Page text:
Jane Heathcote-Drummond-Willoughby, 28th Baroness Willoughby de Eresby

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The Baroness Willoughby de Eresby
Born (1934-12-01) 1 December 1934 (age 85)
Term29 March 1983 – present
RelativesGilbert Heathcote-Drummond-Willoughby (grandfather)
Waldorf Astor, 2nd Viscount Astor (grandfather)
Nancy Astor, Viscountess Astor (grandmother)
Robert Gould Shaw III (half-uncle)
William Astor, 3rd Viscount Astor (uncle)
Francis David Langhorne Astor (uncle)
Michael Langhorne Astor (uncle)
Jakie Astor (uncle)
William Astor, 4th Viscount Astor (cousin)

Nancy Jane Marie Heathcote-Drummond-Willoughby, 28th Baroness Willoughby de Eresby (/ˈwɪləbi ˈdɪərzbi/; born 1 December 1934) is an English peer. She is a ​14 holder of the office of Lord Great Chamberlain, which is currently exercised by the 7th Marquess of Cholmondeley.


She is the daughter of James Heathcote-Drummond-Willoughby, 3rd Earl of Ancaster, and the Hon. Nancy Phyllis Louise Astor (daughter of Waldorf Astor, 2nd Viscount Astor). Her brother Timothy Gilbert (born 19 March 1936), heir apparent of the Earldom of Ancaster, was lost at sea in 1963.

Adult life[edit]

Lady Jane was one of the six Maids of Honour at the 1953 coronation of Queen Elizabeth II. [1]

She succeeded according to the modern doctrine as 28th Baroness Willoughby de Eresby and as the sixth female holder of the barony (which is distinguished by its suffix from Baron Willoughby de Broke) on her father's death in 1983 (the third and last Earl of Ancaster). She inherited 75,000 acres (300 km2) divided between Lincolnshire and Perthshire and was ranked 1572nd in a list of richest people in 2008 forming the annual report of the Sunday Times, citing her wealth as £48,000,000. The report includes domiciled and non-domiciled visitors believed to be in the UK at the start of each year. Her father left net assets subjected to tax to his heirs on his death attested as £1,486,694 (equivalent to £5,000,000 in 2019).[2]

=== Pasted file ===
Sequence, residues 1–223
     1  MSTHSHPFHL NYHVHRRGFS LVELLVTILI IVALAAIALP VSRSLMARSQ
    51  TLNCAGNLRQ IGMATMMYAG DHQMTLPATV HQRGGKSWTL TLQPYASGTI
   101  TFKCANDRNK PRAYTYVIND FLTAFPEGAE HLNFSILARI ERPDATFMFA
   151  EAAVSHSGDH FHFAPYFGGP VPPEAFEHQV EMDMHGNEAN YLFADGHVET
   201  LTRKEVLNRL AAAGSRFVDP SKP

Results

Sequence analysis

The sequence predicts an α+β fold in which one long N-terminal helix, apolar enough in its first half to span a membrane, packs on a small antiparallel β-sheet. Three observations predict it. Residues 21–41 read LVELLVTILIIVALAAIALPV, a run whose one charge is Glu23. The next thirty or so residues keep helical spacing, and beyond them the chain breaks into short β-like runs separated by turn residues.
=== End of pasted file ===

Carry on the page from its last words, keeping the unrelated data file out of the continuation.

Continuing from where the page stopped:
In 1987, she became a patron of King Edward VI School in Spilsby (now King Edward VI Academy).[3] She served as Deputy Lieutenant of Lincolnshire.

She is a joint hereditary Lord Great Chamberlain and may sit in one in four reigns in the House of Lords as a crossbencher; her relevant noble family tree back to 1789 features in that article as the office was split by decision of the House of Lords between General Peregrine Bertie, 3rd Duke of Ancaster and Kesteven (who was also Lord Willoughby de Eresby and Marquess of Lindsey). She has not been elected as one of the 90 hereditary peers to occupy a lifetime seat.[4]

Baroness Willoughby de Eresby is unmarried and without issue. This leaves co-heirs presumptive of the peerage Sebastian St Maur Miller (b. 1965), her older aunt's grandson, and Sir John Aird, 4th Baronet (b. 1940), her younger aunt's son. They will share in the Lord Great Chamberlain's quarter-interest, leaving them one eighth of the role each, ranking them second behind the Marquess of Cholmondeley, who takes the role in every alternate reign.[5]

See also[edit]


  1. ^ Sampson, Annabel. "The day of the Queen's Coronation as remembered by five of her six blue-blooded Maids of Honour". Tatler.
  2. ^ Calendar of Probates - net estates subjected to tax HM Government. Accessed 2017-09-02
  3. ^ "Appointments", The Times (2 February 1987), 18.
  4. ^ David Boothroyd. "House of Lords Act: Hereditary Peers Elections". United Kingdom Election Results. Retrieved 9 December 2016.
  5. ^ Kidd, Charles, Debrett's peerage & Baronetage 2015 Edition, London, 2015, p.P751


  • Charles Mosley, ed. (2003). Burke's Peerage, Baronetage & Knightage. III (107th ed.). Wilmington, Delaware. p. 4196. ISBN 0-9711966-2-1.

Peerage of England
Preceded by
Gilbert James Heathcote-Drummond-Willoughby
Baroness Willoughby de Eresby
Succeeded by
Current incumbent